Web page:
Roberto appreciated all that Maria had been doing around their place, but he could also sense a widening gap in their relationship. He also did many things to try to please her, but she hardly noticed as she ran from one project to another, trying to please him. After a while, he was grieved over all that she was trying to do for him.

He had always loved her for herself, not for what she could do for him.

The situation finally reached the point where he knew he had to get Maria away from the house and have a serious talk with her. But, sadly, it never happened. Every time he tried to make an effort to speak to her, she would enter into a monologue, and then dash off to continue with yet another project for him before he could say what he wanted to. But it wasn’t that she didn’t want to hear him; she just never really took time for him to have an opportunity to speak.

mid cropped shot of man and woman with upset relationship

Their marriage eventually became stagnant and lifeless, in spite of all the work Maria had done for the one she loved, and that Roberto had done for her. It never led to a divorce, but there was no longer any real fellowship or meaningful communication between them. Yet, the whole time, Maria still continued to try to make Roberto love and want her, because she had always considered herself not good enough for him.

A scenario similar to this story happens all the time in the heart of true believers in the Lord concerning God and some of His children.

When we accept Jesus into our life, we have actually entered into a spiritual marriage covenant with Him.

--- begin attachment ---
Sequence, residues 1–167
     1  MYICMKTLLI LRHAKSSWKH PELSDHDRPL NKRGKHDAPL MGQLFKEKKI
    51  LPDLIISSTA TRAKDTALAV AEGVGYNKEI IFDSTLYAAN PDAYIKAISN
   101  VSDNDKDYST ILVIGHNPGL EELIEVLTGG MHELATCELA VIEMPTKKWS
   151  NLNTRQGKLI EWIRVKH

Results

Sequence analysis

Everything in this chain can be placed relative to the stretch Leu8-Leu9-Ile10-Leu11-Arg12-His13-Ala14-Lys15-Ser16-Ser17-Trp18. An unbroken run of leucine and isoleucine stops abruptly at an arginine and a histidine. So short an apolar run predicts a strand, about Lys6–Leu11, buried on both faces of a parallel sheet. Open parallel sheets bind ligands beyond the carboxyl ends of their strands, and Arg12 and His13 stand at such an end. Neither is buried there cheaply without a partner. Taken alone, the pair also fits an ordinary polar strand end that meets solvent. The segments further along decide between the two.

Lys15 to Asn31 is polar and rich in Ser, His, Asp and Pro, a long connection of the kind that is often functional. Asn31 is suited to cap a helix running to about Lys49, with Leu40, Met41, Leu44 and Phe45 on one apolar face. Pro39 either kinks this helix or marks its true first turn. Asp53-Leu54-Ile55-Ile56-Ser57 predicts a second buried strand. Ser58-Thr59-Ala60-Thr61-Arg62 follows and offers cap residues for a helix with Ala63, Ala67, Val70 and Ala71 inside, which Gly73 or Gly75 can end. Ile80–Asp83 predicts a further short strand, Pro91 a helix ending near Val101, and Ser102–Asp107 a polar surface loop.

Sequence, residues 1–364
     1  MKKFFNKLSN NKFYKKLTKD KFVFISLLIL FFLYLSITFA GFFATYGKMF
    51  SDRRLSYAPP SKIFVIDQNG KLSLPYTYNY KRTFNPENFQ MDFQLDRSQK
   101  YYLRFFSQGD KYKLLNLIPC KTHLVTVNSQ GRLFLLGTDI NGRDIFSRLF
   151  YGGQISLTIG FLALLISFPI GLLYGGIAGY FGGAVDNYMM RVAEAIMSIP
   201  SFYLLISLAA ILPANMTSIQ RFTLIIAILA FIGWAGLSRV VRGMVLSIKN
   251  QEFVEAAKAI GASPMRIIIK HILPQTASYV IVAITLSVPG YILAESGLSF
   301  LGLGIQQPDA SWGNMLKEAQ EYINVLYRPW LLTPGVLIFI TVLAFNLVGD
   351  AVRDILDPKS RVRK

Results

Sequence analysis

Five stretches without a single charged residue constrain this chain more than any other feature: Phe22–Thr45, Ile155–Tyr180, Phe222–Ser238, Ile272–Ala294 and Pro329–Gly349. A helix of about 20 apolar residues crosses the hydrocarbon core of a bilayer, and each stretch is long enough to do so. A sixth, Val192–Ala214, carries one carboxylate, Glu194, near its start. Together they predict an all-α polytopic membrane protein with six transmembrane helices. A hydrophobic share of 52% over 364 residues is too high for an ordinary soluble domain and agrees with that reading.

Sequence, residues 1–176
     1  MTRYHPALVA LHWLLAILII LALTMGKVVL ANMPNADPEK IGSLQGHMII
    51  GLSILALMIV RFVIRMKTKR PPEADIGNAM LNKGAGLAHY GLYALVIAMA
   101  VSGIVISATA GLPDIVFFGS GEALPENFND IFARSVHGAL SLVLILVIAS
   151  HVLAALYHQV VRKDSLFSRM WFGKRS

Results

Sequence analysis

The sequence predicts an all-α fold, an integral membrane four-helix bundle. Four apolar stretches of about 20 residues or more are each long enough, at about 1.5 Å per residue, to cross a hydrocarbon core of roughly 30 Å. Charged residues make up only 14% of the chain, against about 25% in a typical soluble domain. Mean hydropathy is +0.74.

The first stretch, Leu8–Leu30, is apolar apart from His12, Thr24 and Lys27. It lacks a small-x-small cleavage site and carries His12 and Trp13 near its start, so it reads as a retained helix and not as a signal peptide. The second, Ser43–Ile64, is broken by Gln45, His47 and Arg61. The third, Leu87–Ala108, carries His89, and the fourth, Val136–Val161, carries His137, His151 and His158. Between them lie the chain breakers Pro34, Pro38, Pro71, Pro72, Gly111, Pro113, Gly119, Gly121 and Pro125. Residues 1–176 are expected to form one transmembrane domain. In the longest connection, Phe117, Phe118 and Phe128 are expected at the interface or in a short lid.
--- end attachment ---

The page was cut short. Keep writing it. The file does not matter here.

In a proper marital relationship, neither person needs to work to earn the other’s love, because the acceptance and commitment has already been made. In fact, the love was already there before the engagement and, in many instances, even the relationship, had occurred. Conversely, nothing we can ever do will earn the love and favor of Jesus. He already loved us more than we could ever know long before we ever knew Him. His love is His gift to us, not a reward for our actions toward Him.

Maria and Roberto spent most of their time and energy trying to earn each other’s love, allowing no time to just enjoy each other’s companionship. This approach only left them feeling incomplete and saddened in heart instead. The Bible says, “For God so loved the world, that he gave his only begotten Son, that whosoever believeth in Him should not perish, but have everlasting life” (John 3:16 emphasis added). God has already shown His true desire for us through the ultimate sacrifice of His Son made over two thousand years ago.

photo of a cross on a hill with sun, clouds and red sky in background

Once we have become part of Jesus’ bride-to-be, we should realize that we need to refrain from trying to win Him over, and start living in the manner of one who is already promised to Him in marriage.

Jesus wants His bride to focus on Him, and what He did for her on the cross.

That is where He showed His true love for us. His interest is not so much in what we can do for Him. That is the product of our relationship with Him, not the goal. His desire is to have intimate fellowship with us. He wants us to spend time with Him, and to learn more about Him through His Word (the Bible) also. Then, the more we open our heart to Him in prayer, the more He will be able to speak to us in His own special, distinctive, loving way.


[Image credits: stocksnap/Lilly Cantabile/Gerd Altmann/Germán R]

What Cloud Are You Under?


A watercolor painting of cloud over camp of Israelites in the wilderness

When God brought the children of Israel out of the bondage of Egypt into the wilderness, He led them in a rather unconventional way. “…the Lord went before them by day in a pillar of a cloud, to lead them the way; and by night in a pillar of fire, to give them light; to go by day and night: He took not away the pillar of the cloud by day, nor the pillar of fire by night, from before the people” (Exodus 13:21-22). One pillar provided shelter from the hot sun, and the other illuminated the darkness—both of which were a visible expression of God’s presence, since no human being can physically see God Himself and live.